Commission denies prelim request for West Links development

Published 9:22 pm Thursday, March 2, 2017

Star Photo/Curtis Carden
The Elizabethton Regional Planning Commission voted to deny a preliminary approval for a development project in West Links after concerns were raised by citizens and information was provided by the developer.

A piece of property aimed at development hit a red light during the Elizabethton Regional Planning Commission meeting Thursday night.
Development on property for 16-unit, one-story houses located on West Links Estates was denied a preliminary request for approval following discussion from concerned residents of Wedgewood Circle.
Dena Bass made the motion to deny the request citing insufficient information at this time with the developer not yet speaking with an engineer, along with concerns raised by citizens. The motion was seconded by Melanie Sellers and unanimously approved by the board.
The developer of the property, Mr. Scott, requested the board give a preliminary approval on the bid before moving forward to pay an engineer between $8,000 to $10,000 to gather all information needed before final approval.
Scott, a resident of Carter County, told the commission that he understood the residents’ apprehension of developing the site but added the development of three-bedroom, two-bath complexes would be the “lesser of two evils” compared to a national developer entering the area to development apartment complexes.
While for the project, Scott said he wanted the board to already vote on the site’s possibility of becoming a reality that night, adding he did not want to have the money for an engineer go to waste. The commission added they did not want to be recognized stating they already approve development without all information available.
Various topics of concern by citizens included the Buck Van Huss Drive, the only roadway that leads into Wedgewood Circle, and for 123 Wedgewood Circle, where the property would be located. The road itself would be considered a private road with the city not liable for maintaining the roads’ condition. The city would only be able to provide necessary garbage pickup, which is standard by the municipality.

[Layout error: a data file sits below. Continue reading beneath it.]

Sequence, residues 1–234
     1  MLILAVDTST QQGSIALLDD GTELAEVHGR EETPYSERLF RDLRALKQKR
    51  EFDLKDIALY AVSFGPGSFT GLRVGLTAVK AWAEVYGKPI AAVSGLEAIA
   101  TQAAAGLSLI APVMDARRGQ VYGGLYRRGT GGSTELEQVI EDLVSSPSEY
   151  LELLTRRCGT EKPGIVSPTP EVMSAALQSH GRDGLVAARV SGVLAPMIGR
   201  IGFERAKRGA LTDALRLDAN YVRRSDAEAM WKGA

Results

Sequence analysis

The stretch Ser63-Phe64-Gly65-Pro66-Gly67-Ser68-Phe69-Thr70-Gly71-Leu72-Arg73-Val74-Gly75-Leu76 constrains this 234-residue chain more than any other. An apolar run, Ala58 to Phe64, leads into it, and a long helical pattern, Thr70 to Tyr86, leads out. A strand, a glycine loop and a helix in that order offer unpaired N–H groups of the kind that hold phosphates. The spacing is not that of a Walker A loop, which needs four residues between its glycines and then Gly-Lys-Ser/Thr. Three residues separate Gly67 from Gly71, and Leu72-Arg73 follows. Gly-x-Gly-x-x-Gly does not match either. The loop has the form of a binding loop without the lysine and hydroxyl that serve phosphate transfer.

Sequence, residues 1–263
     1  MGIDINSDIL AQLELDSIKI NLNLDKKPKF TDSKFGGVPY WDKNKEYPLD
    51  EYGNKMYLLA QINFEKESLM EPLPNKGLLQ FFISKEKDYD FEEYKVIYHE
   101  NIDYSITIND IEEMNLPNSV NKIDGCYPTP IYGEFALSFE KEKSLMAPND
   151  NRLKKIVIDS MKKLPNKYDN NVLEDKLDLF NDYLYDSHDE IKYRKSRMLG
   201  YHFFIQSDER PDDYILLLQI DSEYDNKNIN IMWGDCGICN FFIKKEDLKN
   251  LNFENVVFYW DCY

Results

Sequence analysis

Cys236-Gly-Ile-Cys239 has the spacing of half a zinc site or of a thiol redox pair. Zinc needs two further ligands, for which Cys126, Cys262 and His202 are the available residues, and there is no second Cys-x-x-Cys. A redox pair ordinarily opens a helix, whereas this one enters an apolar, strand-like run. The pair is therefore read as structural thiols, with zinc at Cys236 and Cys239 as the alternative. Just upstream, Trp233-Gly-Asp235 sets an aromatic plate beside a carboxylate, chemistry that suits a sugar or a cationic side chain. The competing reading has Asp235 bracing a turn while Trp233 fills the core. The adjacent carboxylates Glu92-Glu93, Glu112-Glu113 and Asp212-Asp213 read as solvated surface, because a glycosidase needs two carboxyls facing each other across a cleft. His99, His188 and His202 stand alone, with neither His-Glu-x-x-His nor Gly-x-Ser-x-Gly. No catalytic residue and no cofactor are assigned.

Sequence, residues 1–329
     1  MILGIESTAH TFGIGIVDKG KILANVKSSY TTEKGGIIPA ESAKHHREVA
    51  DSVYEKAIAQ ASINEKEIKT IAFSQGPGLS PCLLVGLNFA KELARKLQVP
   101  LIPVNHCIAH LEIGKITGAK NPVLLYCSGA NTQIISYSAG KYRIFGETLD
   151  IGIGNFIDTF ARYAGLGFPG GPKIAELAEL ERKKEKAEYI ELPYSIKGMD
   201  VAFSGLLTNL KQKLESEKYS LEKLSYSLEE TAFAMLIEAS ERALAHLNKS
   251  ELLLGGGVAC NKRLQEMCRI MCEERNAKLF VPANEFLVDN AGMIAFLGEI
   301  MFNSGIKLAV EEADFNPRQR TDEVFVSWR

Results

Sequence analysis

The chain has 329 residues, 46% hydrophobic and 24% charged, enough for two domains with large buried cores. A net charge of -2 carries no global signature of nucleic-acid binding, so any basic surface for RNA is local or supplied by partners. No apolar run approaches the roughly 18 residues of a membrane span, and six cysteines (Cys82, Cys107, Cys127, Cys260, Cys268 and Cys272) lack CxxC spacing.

Other concerns included the roadway itself, which would have to be developed to allow access to a firetruck, green space for the houses, sewer management, and sidewalks for the road.
Wedgewood resident Tim Campbell cited his concern was for the children in the area and that the road leading to the possible development needed sidewalks and adequate green space for the houses.
City Mayor Curt Alexander, also a resident of Wedgewood, added concerns about the road leading into the development, stating it needed to be a city road and showed a letter that referenced the development, not disclosing that the housing would be condominiums. The mayor added that surety bonds would be a step to take to require developers to have when developing property to ensure protection for the city and cited Johnson City uses those types of measures.

Alexander did second Sellers comments about the city needed more development like Scott proposed, but it needed to following the same regulations as other developments.
In other business, a permanent speed bump on Edgewood Avenue failed to make it through the commission after no motion was made by members.
Commissioners voted to approve the measure of implementing a speed bump to address concerns made by resident Jeff Jackson. Hartman provided statistics on the before and after the bump was installed and commissioners saw no significant change in statistics, which inevitably led to the final decision.

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